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  • The Mungana Goldmines takeover bid provides some practical guidance on the steps that target boards can take to minimise the risk that an action which triggers a bid condition will not give rise to unacceptable circumstances.
  • The transaction also provides an example of a situation where the ‘blessing’ of shareholders in respect of that frustrating action was obtained via statements of shareholder support, rather than at a formal shareholder meeting.

Frustrating action – a refresher

The actions of Mungana Goldmines in its response to a hostile bid by Auctus Chillagoe provide an interesting example of the steps that target companies can take to ensure they do not fall foul of the Takeovers Panel’s ‘frustrating action’ policy in its Guidance Note 12.

The Panel’s policy can have a significant effect on target companies during a hostile takeover bid as, in general, material transactions and initiatives – no matter how attractive or value-accretive – cannot be implemented by the target company without approval from shareholders if they might cause a condition of the bid to be breached.

The Panel’s policy, which stems from a 2001 decision of the Takeovers Panel relating to the takeover bid by Reliable Power for Pinnacle VRB, has ensured that target shareholders, rather than target boards, have the final say on whether a takeover bid succeeds.

Not all actions which breach bid conditions will give rise to unacceptable circumstances. The Panel will take a pragmatic approach and will consider commercial factors which may mean the action is not unacceptable, such as:

  • factors surrounding the bid (eg how long the bid has been open, its likelihood of success, and whether the breached condition is commercially critical to the bid); and
  • factors surrounding the frustrating action (eg whether the frustrating action was undertaken by the target in the ordinary course of its business, and whether the frustrating action materially affects the financial or business position of the target).

If frustrating action would prima facie be unacceptable, then this can be ‘cured’ by the target obtaining shareholder approval for the particular action – in other words, by putting back in shareholders’ hands the decision as to whether a bid condition will be breached and the bid hence put in jeopardy.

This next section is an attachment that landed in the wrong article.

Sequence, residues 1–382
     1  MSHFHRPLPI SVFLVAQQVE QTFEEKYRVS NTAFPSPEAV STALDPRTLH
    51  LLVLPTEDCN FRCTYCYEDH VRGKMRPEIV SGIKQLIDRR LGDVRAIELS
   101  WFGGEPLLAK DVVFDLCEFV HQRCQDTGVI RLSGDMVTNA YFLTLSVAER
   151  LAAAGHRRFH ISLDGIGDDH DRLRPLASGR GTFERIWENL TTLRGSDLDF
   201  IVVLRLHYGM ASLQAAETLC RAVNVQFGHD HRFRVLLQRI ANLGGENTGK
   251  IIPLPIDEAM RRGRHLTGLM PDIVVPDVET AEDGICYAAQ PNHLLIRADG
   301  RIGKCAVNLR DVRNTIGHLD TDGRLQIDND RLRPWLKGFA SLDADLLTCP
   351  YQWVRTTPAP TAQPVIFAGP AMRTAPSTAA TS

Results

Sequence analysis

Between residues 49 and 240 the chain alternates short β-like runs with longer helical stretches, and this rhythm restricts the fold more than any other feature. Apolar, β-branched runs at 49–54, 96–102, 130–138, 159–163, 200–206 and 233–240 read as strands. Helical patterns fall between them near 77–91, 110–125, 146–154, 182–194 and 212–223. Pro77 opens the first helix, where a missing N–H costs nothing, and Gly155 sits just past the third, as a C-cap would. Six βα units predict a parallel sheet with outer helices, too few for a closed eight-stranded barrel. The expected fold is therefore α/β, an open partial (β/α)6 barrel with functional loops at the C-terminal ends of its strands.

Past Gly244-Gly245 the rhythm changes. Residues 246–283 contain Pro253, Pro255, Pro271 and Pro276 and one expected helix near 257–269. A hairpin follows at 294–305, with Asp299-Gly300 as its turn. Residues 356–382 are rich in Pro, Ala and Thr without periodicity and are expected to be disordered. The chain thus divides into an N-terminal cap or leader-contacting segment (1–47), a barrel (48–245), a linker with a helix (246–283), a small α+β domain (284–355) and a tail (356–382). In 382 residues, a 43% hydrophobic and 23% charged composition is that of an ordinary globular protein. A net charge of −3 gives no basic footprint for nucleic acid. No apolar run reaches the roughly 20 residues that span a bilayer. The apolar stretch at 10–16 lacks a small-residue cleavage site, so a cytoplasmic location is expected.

The Mungana situation

In late April 2015, Auctus made an off-market takeover bid for Mungana at 13.5 cents cash per share.

The offer is highly conditional, with the bidder’s statement containing around 30 conditions, including that Mungana must not:

  • grant a right of mining or other rights or interests of any kind over any area covered by major tenements to any person other than a Mungana group entity; or
  • issue shares or agree to issue shares, other than in the ordinary course of business.

In early May 2015, Mungana’s directors recommended that shareholders reject the Auctus bid, asserting that it significantly undervalued Mungana and its prospects, and emphasising the bid’s high level of conditionality.

Since Auctus announced its bid, Mungana’s shares have traded above Auctus’ bid price.

In late May 2015, Mungana announced two new initiatives, namely:

  • a series of significant joint venture-style agreements with Newcrest Mining in relation to some of Mungana’s major tenements; and
  • a $5 million placement of shares to progress drilling and complete the feasibility study associated with certain projects.

Both these initiatives potentially breached conditions of Auctus’ bid.

The placement – but not the Newcrest arrangement – is subject to Mungana shareholder approval at a general meeting.

In June 2015, Auctus made an application to the Takeovers Panel alleging that certain of Mungana’s public disclosures were misleading and deceptive. The Panel dismissed that application, but Auctus has applied for review of that decision. However, Auctus did not, in that application, also allege that either of Mungana’s two proposed initiatives (outlined above) breached the Panel’s frustrating action policy.